Post Office and Telegraph Act 1915
(5 & 6 Geo 5 c.82, 28th October 1915)
An Act to alter certain statutory limits of Postal and Telegraph Rates; and for purposes connected therewith.
[28th October 1915]
Be it enacted by the King's most Excellent Majesty, by and with the advice and consent of the Lords Spiritual and Temporal, and Commons, in this present Parliament assembled, and by the authority of the same, as follows:
1. For the purpose of enabling effect to be given to certain proposed changes of postal and telegraph rates, the following variations shall have effect with respect to the statutory limits applicable to those rates:–
- A maximum rate of a halfpenny for every six ounces in weight or for every fractional part of six ounces over and above the first or any additional six ounces up to such maximum weight as may be fixed by the Postmaster-General shall be substituted for the maximum rate of one halfpenny for each inland registered newspaper under subsection (1) (b) (iii) of section two of the Post Office Act, 1908; and
- A maximum rate of ninepence for the first twelve words of each ordinary written telegram or for an ordinary written telegram of less than twelve words shall be substituted for the maximum rate of sixpence under section two of the Telegraph Act, 1885; and
- The maximum rates for press telegrams under section sixteen of the Telegraph Act, 1868, shall be varied as follows:–
A rate of a shilling for every eighty words shall be substituted for the rate of a shilling for every hundred words transmitted between the hours of six p.m. and nine a.m. to a single address;
A rate of a shilling for every sixty words shall be substituted for the rate of a shilling for every seventy-five words transmitted between the hours of nine a.m. and six p.m. to a single address;
An additional charge of threepence for every eighty or sixty words, as the case may be, of the same telegraphic communication transmitted to an additional address shall be substituted for the rate of twopence for every hundred or seventy-five words as the case may be;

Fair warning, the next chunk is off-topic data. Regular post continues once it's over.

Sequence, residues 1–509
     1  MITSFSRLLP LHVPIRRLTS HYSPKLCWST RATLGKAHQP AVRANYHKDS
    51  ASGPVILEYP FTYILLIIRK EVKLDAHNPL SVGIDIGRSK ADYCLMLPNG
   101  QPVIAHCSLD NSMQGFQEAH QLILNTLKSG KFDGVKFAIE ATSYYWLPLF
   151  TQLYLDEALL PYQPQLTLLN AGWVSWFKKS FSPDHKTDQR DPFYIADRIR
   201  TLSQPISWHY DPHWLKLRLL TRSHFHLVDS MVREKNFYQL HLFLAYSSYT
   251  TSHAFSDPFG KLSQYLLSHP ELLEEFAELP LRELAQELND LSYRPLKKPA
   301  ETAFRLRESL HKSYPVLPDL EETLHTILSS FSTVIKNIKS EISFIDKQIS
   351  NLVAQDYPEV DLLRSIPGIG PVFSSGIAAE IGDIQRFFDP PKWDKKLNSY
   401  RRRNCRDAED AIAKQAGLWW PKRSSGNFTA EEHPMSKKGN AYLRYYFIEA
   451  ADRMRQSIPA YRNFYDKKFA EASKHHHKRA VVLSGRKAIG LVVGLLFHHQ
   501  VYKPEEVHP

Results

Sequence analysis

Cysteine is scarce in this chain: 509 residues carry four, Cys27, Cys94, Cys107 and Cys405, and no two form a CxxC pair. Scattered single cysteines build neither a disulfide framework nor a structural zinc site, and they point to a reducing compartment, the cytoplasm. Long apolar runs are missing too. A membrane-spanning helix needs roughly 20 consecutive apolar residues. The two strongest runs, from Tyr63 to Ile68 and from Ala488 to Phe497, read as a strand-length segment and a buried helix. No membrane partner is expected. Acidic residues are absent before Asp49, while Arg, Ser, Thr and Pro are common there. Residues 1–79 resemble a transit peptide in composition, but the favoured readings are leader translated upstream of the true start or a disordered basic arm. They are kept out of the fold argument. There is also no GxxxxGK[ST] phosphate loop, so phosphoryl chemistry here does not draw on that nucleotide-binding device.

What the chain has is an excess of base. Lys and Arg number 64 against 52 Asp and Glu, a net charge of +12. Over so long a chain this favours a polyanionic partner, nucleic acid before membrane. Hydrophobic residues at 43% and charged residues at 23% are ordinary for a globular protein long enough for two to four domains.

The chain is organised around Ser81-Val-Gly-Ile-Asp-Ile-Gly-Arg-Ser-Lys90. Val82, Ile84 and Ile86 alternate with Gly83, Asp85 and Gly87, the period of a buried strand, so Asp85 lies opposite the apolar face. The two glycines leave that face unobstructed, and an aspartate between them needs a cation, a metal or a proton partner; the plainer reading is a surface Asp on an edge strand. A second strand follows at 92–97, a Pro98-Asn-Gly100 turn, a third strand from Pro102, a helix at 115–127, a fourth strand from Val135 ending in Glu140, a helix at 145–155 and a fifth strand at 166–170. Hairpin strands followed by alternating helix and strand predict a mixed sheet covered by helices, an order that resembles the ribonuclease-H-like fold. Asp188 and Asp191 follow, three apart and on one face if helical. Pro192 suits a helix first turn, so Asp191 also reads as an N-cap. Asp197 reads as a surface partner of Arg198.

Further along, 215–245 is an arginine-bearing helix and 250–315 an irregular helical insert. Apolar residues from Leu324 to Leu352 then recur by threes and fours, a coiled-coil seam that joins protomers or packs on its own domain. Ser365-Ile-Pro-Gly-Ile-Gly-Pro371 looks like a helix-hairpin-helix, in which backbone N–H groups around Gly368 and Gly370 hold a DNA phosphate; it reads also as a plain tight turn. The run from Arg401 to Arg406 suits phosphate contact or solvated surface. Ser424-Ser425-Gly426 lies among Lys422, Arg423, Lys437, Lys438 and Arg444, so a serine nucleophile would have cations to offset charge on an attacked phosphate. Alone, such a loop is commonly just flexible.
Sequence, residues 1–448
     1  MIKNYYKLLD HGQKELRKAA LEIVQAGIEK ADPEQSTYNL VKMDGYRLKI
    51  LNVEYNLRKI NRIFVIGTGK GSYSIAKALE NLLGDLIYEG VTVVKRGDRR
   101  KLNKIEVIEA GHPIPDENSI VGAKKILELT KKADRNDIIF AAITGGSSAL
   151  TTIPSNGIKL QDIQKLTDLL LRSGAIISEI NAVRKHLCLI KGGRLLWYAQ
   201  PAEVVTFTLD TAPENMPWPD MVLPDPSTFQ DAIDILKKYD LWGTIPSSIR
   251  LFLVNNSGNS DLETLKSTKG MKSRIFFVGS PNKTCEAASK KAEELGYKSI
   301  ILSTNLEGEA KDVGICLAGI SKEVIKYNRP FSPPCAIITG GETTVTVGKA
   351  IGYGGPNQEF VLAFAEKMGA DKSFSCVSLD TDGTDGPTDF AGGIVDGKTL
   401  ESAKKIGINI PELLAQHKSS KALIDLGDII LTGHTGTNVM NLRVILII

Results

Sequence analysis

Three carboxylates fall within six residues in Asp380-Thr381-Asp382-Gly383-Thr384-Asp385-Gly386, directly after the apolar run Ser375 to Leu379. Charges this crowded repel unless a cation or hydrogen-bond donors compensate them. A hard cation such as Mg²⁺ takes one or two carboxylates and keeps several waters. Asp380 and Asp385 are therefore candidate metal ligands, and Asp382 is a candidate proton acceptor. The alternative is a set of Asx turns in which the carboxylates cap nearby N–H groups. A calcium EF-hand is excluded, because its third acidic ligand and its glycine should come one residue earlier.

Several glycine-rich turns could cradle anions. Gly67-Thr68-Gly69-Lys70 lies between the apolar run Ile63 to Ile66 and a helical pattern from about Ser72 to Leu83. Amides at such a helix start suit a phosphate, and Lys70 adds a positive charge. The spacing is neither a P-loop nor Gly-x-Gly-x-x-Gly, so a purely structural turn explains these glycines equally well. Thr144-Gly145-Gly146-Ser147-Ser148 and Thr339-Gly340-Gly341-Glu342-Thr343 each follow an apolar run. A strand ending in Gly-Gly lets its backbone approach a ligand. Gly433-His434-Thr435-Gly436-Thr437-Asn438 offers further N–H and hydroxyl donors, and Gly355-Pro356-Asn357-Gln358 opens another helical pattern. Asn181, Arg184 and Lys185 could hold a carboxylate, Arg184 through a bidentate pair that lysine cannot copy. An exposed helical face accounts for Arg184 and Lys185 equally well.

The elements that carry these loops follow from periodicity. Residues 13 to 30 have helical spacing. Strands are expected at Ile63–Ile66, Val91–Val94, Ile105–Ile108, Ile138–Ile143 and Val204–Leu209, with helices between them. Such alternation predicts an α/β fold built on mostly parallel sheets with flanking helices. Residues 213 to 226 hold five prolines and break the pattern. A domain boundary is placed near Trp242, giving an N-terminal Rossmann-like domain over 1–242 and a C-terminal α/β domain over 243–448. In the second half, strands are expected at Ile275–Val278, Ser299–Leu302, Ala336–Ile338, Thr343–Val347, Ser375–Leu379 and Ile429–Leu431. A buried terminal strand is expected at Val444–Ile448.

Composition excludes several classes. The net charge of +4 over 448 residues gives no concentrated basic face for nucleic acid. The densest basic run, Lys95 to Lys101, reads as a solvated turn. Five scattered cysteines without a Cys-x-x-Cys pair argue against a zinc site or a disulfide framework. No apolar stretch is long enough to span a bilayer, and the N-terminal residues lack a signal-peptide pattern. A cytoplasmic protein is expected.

but rates for press telegrams shall not be raised above the limits existing immediately before the passing of this Act until after the thirty-first day of December nineteen hundred and sixteen.
2.—(1) Any contract for the supply or delivery to subscribers of newspapers, periodicals, or other publications at rates including postage, so far as the contract includes the supply or delivery of publications the rate of postage on which is increased after the passing of this Act and before the first day of January nineteen hundred and sixteen, may be determined by any party to the contract as from the date on which the rate is raised by notice given to the other party to the contract not later than fourteen days after the increase of rate takes effect.
(2) In computing, for the purposes of subsection (2) of section two of the Post Office (Parcels) Act, 1882 , the amount of the remuneration to railway companies for the carriage of parcels, there shall be excluded from the gross receipts of the Postmaster-General any increase in those receipts which is attributable to any increase in the rates of postage for parcels which is made after the passing of this Act and during the continuance of the present war and a period of six months thereafter.
3. This Act may be cited as thePost Office and Telegraph Act, 1915, and may be cited with the Post Office Act, 1908, as the Post Office Acts, 1908 to 1915, and so far as relates to Telegraphs, with the Telegraph Acts, 1863 to 1913.